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Cursing Congressmen: Student Activism and the First Amendment

A local high school student has captured the media’s attention by claiming his First Amendment rights were violated after the school suspended him for cursing at a congressman.  The student participated in the March 14, 2017 walkout to protest gun laws.  During the protest, he admits that he called his congressman’s office and demanded that politicians get off their “f-ing lazy a – -” and do something about gun law reform.

The student contends that the school violated the student’s First Amendment rights to engage in “political speech.”  The school district argues that the suspension was not in retaliation for participation on the protest, but because the student used profanity.   Who is right?

The First Amendment protects “political speech,” i.e., speech that expresses opinions or views on current political issues or candidates.  McIntyre v. Ohio Elections Comm’n, 514 U.S. 334, 347 (1995); McCutcheon v. Fed. Election Comm’n, 134 S. Ct. 1434, 1448 (2014).  In fact, political speech has been regarded as the “essence” of the First Amendment.  McIntyre, 514 U.S. at 347.  Courts are required “to err on the side of protecting political speech rather than suppressing it.”  McCutcheon, 134 S. Ct. at 1451.

In contrast, profanity is not always protected under the First Amendment.  Bethel Sch. Dist. No. 403 v. Fraser, 478 U.S. 675, 684 (1986).  The United States Supreme Court has consistently held that a school district may prohibit “inappropriate” speech.  Id. at 683.  This includes profanity used during protests that is aimed at “making a political point.” Id. at 682.

According to the United States Supreme Court:

“The process of educating our youth for citizenship in public schools is not confined to books, the curriculum, and the civics class; schools must teach by example the shared values of a civilized order.  Consciously or otherwise, teachers – and indeed the older students – demonstrate the appropriate form of civil discourse and political expression by their conduct and deportment in and out of class.  Inescapably, like parents, they are role models.  The schools, as instruments of the state, may determine that the essential lessons of civil, mature conduct cannot be conveyed in a school that tolerates lewd, indecent or offensive speech and conduct . . .”

Id. at 683.


In sum, a school may prohibit the use of profanity, even during a political protest.  Id. at 685.

In this particular case, it is unclear whether the speech will be protected.  The speech occurred during the walk out, which was not a school-sanctioned activity.  It occurred during a political protest, it was aimed at a politician, and it requested political action.  On the other hand, the speech occurred on a school campus.  The other participants were students, and these students likely overheard this speech.  The school has a policy prohibiting inappropriate speech and conduct on school grounds.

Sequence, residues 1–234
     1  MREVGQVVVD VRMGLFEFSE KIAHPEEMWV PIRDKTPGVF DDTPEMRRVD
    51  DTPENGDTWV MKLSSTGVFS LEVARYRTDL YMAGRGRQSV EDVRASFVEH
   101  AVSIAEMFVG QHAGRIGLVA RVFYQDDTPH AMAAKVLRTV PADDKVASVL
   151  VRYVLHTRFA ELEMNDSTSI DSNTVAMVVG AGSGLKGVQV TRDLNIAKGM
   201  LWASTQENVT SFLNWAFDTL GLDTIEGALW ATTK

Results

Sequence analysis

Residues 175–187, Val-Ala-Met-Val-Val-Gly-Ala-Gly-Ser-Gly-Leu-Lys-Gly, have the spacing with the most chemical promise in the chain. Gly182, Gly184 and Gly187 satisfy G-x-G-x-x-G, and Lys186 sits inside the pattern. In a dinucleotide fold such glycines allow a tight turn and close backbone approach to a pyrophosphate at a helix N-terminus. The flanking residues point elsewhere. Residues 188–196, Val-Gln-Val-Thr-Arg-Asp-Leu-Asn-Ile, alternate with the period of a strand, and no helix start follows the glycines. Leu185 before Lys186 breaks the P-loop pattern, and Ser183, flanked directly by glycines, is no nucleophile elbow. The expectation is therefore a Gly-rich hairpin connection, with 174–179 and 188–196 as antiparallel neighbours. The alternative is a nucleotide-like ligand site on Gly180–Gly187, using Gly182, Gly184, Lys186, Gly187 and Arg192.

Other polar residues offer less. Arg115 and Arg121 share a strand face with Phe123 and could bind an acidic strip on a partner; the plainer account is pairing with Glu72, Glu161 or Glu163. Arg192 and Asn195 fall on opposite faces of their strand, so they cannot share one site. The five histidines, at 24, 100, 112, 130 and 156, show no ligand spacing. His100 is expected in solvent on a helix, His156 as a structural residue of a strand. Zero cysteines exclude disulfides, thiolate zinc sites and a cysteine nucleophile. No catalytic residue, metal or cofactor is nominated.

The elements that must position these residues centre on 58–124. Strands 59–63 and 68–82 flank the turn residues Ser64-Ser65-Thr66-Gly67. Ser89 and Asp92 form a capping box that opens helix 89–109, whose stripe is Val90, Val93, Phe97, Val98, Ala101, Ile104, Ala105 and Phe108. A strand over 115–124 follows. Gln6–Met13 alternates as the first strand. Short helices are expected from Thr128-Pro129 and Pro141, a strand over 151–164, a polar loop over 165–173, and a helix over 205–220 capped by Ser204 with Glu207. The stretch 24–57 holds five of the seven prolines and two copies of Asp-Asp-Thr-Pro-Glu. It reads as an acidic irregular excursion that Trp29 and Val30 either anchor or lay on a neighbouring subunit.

To mount a First Amendment challenge, the student will also need to show that the suspension was in direct retaliation for his “political speech.”  The school has been very clear that its punishment was not due to the student’s political views or participation in the walkout, but because he violated a school code of conduct. To win, the student will need to prove that the school’s explanation is false or pretextual, and/or that the administrators in charge of the suspension had expressed opposition to the student’s allegedly protected speech.  Corales v. Bennett, 567 F.3d 554, 568 (9th Cir. 2009).   Keep in mind, however, that schools can prohibit political protests on campus if those protests “undermine the school routine.”  Tate v. Bd. of Ed. Of Jonesboro, Ark., Special Sch. Dist., 453 F.2d 975, 978-79 (8th Cir. 1972).

So, who is right?  I don’t know.  The First Amendment is a gray area of the law, particularly when it comes to schools.

I do know that I am proud of our next generation.  While I do not condone this particular student’s choice of words, I commend him for trying to make a difference on an issue he feels strongly about.  If these students continue to be passionate about the shape of this country’s future, 2020 is going to be a very interesting election year.

The Second Amendment Does Not Constitutionally Guarantee the Right to Possess an Assault Weapon

Following every mass shooting, there is a cry for gun control.  That cry is generally quickly drowned out by feelings of helplessness.  How can we stop a crazy person?  Who are we to think that we can protect our children from the evils of this world?

It’s time to change the conversation.  We are not helpless.  We are empowered. This is an election year, and we have the power to bring gun control to the forefront.  We have the power to demand change.  We have the power to protect our children.


I’ve previously discussed the constitutional issues surrounding gun control here.   Unfortunately, that post has become relevant again.

Whether you are for or against gun control, you need to know this one important fact:  The Second Amendment does not constitutionally guarantee anyone the right to possess an assault weapon.